More information, not less
Last week, this column mentioned “senseless interventions” against COVID-19 that we embrace despite a lack of scientific basis. This week we were treated to yet another quickly formulated, not entirely sound strategy: the “brand agnostic policy.” Under the policy, local government units will no longer announce in advance the brand of COVID-19 vaccine to be administered at a given site. This is a response to large crowds lining up at select vaccination centers when a more preferred brand was announced to be available, and the policy is proposed so that Filipinos can overcome their vaccine preferences. While we have been assured that all vaccines to be administered are FDA-approved under emergency use authorization, the issue has raised concerns about patient autonomy and informed decision-making.
There has since been clarification that there will still be disclosure of vaccine brands, but only prior to inoculation, and the Department of Health (DOH) has stated that it is open to reviewing this policy. Patients may refuse inoculation on-site if their preferred brand is not available, and may reschedule if needed. However, several concerns remain. A patient signing up for a vaccination slot, only to go home unvaccinated, will have risked unnecessary exposure. Moreover, the issue of crowding is better addressed by more efficient registration and crowd control, with no walk-ins. There is also the very real possibility that, for those already struggling with vaccine hesitancy, rather than sign up for an unknown vaccine, they might choose not to be vaccinated at all. Rather than just overcoming preferences, the move may contribute even more to vaccine hesitancy.
The quick solution of the brand-agnostic policy fails to recognize and address why such preferences exist in the first place. At the heart of the matter are the twin problems of vaccine preference and vaccine hesitancy. The first is characterized by a willingness to be vaccinated but only with certain brands, because of bad press on supposed adverse effects, or because of political links.
For instance, earlier this year, some refused to be vaccinated with certain Chinese-manufactured vaccines not just because of a paucity of data at the time, but also on principle of advocating more transparent vaccine procurement. Vaccine hesitancy, on the other hand, owes much to “anti-vaxx” conspiracy-rhetoric finding traction locally, as well as the Dengvaxia controversy. Both vaccine preferences and vaccine hesitancy are strongly linked to issues of public trust, which has taken hit after hit since the start of the pandemic.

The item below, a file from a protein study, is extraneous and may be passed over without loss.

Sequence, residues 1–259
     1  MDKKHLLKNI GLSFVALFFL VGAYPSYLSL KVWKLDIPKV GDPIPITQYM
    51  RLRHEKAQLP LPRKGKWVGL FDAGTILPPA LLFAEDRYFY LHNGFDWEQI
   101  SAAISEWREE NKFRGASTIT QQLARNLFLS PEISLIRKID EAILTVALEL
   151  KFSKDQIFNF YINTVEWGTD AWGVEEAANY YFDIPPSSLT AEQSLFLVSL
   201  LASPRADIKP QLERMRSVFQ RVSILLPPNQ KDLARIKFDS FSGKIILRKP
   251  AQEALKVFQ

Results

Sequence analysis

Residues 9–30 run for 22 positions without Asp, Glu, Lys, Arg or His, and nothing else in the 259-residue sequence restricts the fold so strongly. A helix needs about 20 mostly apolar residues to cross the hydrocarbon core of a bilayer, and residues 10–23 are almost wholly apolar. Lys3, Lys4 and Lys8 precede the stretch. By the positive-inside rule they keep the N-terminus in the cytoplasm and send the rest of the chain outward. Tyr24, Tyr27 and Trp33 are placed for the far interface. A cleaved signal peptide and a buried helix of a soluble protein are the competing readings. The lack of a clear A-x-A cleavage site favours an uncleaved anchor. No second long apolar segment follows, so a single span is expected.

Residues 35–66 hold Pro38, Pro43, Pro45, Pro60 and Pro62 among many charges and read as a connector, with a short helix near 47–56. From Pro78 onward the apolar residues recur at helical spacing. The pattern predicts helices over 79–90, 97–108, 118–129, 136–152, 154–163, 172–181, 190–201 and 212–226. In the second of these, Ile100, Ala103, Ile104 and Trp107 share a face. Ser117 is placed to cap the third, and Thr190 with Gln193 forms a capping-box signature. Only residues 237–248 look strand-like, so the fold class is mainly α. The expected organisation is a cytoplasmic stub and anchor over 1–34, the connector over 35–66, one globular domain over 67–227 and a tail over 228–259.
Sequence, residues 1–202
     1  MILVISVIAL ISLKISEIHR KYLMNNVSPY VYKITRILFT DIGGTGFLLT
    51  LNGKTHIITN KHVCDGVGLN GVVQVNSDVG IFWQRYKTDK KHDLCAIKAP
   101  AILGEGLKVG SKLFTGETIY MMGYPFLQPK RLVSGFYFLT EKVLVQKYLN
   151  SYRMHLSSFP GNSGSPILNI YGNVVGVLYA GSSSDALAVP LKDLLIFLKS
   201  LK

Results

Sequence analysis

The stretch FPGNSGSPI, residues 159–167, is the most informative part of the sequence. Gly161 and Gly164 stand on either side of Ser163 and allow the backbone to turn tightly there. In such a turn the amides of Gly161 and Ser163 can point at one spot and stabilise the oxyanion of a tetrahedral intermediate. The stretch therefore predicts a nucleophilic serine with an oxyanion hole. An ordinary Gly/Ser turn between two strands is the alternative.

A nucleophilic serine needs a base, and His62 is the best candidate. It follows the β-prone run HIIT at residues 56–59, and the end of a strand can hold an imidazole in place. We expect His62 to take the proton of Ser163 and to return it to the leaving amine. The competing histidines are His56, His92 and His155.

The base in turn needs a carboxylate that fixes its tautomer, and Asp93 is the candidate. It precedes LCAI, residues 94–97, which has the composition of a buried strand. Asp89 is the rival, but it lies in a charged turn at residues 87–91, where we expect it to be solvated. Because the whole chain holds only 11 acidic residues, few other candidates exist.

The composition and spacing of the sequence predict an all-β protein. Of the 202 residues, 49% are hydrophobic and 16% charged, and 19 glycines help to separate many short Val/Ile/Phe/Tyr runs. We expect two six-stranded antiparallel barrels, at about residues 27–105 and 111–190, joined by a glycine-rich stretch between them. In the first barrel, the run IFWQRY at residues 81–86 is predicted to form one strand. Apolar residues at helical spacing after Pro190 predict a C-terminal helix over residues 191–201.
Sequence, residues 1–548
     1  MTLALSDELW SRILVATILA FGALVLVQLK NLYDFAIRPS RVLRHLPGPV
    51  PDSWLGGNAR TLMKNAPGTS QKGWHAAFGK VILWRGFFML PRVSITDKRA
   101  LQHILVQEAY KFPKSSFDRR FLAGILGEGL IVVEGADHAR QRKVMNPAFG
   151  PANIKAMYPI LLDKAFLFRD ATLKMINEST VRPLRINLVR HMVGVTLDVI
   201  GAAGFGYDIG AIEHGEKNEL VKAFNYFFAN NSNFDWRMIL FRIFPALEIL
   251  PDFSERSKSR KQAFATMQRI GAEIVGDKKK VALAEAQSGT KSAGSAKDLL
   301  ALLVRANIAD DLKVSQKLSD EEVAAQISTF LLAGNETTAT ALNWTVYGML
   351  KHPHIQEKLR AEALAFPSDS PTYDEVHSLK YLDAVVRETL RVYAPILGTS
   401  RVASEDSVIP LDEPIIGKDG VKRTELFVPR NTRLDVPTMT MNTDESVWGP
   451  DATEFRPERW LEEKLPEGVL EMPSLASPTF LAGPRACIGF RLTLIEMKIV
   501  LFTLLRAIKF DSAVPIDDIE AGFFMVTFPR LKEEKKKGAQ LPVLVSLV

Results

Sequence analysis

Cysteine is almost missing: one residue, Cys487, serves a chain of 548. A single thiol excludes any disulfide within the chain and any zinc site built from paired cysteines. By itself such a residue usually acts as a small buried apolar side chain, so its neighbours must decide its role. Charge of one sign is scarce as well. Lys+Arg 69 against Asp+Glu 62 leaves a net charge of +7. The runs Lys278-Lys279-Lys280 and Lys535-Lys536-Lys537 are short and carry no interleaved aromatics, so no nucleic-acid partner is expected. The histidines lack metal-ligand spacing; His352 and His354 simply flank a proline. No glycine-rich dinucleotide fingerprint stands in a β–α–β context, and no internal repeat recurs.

Such concerns with miseducation are best addressed by improved health education and more government transparency, not less. The DOH, through online campaigns, appears to be trying on the education front. They share fact checks on trending posts with COVID-19 misinformation. But for the lay person it is difficult to look to the DOH as a strong, clear voice, given its track record of misleading data and its chief official’s past questionable statements and actions. There is also some effort on the part of government figures being publicly inoculated as good examples, but even this is an avenue for mistrust from the public: In light of rising tensions with China and the President’s keenness to maintain close ties even at the risk of losing public confidence, Mr. Duterte’s public support of inoculation with a Chinese-made vaccine does not necessarily foster much trust.
The government may take cues from suggestions of public health experts to counter vaccine rejection and hesitancy, such as multisectoral approaches, interfaith collaborations, and efforts to reach out and educate individual communities rather than relying on social media and news outlets. It may also hold accountable those who were responsible for the media circus of the Dengvaxia controversy and the subsequent drop in vaccine confidence.
It would be difficult to reverse the effects of a pandemic response characterized by lack of transparency in allocating resources and vaccine procurement, conflicting and confusing statements, and unscientific interventions. People are more likely to trust governing bodies that they deem to be competent, effective, noncorrupt, and honest. The first step would be increasing efforts toward education and transparency—to provide more information, rather than less.
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